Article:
It comprises a mass of figures all of which need to be audited by the NAO before anyone can know how reliable they are. As it happens, the NAO published their Report of the Comptroller and Auditor General: Whole of Government Accounts 2012-13 on the same day. They've had to qualify the Whole of Government Accounts (WGA) for 2012-13. They do not present a true and fair view:
The ONS also may care to comment on the Treasury/Cabinet Office methodology:
... the Comptroller & Auditor General, Amyas Morse, has again qualified the WGA because of significant continuing issues with the quality and consistency of the data included; and has again expressed concern that bodies such as Network Rail and FE institutions continue to be excluded, even though accounting standards require their inclusion.
It's easy to show savings against a year in which there was an obvious crisis. But suppose the baseline chosen was the healthier year 1996-97?
The Efficiency and Reform Group has supported departments in saving £14.3 billion against a 2009 to 2010 baseline.
The Treasury's Statistical bulletin: public spending statistics February 2014 shows that government total managed expenditure in real terms was £449.1 billion in 1996-97 and £673.7 billion in 2012-13 (p.19), a 50% increase. As a percentage of GDP, it has gone up from 39.0% to 42.8% in the same period (p.20). That's not a saving, but you wouldn't know it from the press release.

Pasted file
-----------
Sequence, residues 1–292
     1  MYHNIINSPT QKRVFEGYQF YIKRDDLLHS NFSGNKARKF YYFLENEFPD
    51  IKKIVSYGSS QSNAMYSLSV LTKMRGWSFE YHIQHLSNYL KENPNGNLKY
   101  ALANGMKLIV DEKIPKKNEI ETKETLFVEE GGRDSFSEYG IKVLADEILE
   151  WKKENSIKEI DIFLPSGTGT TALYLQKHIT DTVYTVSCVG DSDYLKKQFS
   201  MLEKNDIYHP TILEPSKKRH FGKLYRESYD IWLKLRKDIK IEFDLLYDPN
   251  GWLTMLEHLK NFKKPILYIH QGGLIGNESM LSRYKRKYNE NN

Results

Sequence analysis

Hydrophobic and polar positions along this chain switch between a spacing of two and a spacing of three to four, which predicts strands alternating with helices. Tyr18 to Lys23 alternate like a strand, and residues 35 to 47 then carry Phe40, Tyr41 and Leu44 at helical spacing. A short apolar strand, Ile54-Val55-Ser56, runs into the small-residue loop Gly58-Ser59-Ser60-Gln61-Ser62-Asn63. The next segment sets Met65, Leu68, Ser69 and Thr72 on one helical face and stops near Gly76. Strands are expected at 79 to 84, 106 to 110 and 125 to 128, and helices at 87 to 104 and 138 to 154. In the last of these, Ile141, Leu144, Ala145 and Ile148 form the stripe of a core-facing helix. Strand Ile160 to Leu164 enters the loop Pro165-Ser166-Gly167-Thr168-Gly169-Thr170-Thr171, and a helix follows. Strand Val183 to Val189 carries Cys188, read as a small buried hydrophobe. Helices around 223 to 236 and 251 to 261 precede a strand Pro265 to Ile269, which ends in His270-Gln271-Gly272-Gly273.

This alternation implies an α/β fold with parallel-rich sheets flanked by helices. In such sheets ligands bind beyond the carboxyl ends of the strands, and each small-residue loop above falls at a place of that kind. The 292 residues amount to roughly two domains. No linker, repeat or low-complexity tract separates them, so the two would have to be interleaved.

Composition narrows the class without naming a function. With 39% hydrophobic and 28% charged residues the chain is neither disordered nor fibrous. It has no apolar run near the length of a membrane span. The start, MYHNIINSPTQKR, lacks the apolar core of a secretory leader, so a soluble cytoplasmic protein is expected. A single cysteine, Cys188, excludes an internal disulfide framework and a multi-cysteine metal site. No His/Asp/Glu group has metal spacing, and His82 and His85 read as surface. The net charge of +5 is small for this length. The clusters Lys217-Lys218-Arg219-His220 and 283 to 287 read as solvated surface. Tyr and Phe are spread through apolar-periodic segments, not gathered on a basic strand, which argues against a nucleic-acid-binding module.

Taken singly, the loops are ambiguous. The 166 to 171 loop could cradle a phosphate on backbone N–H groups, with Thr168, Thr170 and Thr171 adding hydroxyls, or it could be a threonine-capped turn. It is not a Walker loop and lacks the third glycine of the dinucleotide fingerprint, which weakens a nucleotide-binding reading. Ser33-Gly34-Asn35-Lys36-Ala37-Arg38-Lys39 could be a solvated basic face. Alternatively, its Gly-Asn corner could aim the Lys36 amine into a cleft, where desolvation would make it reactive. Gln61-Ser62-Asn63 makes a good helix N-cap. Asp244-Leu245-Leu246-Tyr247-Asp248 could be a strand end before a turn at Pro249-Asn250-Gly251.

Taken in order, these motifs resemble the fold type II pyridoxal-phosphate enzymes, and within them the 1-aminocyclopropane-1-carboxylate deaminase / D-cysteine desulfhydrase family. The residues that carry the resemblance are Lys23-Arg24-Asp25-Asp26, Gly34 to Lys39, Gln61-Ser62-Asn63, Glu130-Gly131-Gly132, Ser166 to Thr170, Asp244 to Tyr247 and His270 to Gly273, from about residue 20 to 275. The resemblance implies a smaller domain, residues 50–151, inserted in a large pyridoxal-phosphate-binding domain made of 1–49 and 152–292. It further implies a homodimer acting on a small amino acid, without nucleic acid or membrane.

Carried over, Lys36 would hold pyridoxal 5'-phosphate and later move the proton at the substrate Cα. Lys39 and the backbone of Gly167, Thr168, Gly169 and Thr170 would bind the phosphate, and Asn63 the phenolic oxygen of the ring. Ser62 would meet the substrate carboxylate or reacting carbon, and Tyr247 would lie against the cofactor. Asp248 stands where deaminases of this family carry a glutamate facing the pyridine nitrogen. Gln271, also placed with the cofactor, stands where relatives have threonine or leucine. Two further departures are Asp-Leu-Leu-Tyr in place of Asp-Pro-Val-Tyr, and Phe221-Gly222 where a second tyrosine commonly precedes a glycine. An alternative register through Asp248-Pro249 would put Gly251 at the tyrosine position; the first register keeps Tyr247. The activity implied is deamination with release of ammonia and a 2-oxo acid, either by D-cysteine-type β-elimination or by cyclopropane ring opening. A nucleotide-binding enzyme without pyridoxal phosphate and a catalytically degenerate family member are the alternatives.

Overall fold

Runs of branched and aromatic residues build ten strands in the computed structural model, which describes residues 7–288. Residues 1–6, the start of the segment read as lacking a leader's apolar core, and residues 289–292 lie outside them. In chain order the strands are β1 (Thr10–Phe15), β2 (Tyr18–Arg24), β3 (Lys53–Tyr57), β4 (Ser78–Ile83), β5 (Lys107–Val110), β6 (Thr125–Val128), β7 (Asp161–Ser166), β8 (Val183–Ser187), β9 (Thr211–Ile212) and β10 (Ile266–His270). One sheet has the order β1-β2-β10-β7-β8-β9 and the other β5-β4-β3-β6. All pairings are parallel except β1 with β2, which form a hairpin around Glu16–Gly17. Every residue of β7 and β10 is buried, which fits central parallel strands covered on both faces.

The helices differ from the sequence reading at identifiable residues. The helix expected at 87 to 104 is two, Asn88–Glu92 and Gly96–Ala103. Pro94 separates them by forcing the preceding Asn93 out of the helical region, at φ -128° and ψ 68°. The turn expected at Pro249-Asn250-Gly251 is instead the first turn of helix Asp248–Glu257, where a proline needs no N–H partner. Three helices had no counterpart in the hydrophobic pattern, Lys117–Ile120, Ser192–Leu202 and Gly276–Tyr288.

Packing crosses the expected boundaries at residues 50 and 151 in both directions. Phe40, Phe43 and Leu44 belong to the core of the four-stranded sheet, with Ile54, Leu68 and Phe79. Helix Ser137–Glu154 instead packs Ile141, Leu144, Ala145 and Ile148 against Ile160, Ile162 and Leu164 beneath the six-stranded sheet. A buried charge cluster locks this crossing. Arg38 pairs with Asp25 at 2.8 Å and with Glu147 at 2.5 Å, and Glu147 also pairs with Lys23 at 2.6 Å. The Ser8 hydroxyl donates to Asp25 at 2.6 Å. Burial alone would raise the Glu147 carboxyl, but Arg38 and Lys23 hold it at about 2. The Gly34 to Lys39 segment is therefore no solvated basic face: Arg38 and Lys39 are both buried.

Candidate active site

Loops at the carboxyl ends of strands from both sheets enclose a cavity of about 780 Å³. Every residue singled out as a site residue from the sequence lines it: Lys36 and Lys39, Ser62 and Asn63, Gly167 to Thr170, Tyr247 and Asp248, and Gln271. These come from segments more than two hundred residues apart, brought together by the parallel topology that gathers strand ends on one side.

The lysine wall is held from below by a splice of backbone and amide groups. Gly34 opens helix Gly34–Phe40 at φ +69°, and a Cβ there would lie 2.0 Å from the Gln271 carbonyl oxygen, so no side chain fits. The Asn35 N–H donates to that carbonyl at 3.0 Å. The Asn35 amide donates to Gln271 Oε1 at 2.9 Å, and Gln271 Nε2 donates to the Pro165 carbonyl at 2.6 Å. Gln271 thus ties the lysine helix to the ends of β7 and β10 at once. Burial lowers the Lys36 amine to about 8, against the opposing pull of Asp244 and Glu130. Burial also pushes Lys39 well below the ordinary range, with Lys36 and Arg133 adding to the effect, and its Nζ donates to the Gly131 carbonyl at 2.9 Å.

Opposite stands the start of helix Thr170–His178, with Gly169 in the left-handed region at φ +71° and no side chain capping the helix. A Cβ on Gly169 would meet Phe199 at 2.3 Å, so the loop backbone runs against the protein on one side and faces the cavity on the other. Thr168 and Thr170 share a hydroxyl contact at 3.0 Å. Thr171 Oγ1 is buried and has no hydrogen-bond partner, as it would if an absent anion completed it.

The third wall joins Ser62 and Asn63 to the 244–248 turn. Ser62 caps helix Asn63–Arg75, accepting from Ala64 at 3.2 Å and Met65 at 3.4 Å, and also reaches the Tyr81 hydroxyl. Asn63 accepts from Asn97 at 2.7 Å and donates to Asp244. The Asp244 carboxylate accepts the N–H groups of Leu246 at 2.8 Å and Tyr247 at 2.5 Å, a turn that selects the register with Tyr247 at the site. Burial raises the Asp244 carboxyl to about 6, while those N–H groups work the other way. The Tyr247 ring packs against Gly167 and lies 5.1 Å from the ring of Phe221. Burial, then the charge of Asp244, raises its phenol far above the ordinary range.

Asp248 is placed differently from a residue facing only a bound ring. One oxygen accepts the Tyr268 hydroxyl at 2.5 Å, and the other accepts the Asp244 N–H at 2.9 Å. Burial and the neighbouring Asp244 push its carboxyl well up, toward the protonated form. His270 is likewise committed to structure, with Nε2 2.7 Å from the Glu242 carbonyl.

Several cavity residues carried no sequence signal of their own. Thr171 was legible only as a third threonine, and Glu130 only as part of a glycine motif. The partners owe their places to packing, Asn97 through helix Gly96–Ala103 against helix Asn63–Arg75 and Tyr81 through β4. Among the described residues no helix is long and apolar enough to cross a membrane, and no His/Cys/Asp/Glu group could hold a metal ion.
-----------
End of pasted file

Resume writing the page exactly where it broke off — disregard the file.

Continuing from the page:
The ONS's Government Deficit and Debt Return, March 2014 shows that the national debt was £1.046 trillion in 2009-10 and had risen 32.5% three years later to £1.387 trillion in 2012-13 (table M1) – the Treasury/Cabinet Office press release studiously ignores the context of their modest savings, which go hand in hand with a weekly interest bill alone of £1 billion.
For DMossEsq readers there is a specific omission from this press release which demands explanation.
Back in January, Francis "JFDI" Maude gave an interview to the Huffington Post during which he said that:
You'd think the Treasury and the Cabinet Office would find room to mention this useful addition to funds. Mr Maude is not usually so modest, nor Mr Osborne.
Noting the success of the gov.uk site, a portal that brings the government billions in revenue from countries such as New Zealand that have paid for the source code, Maude said ...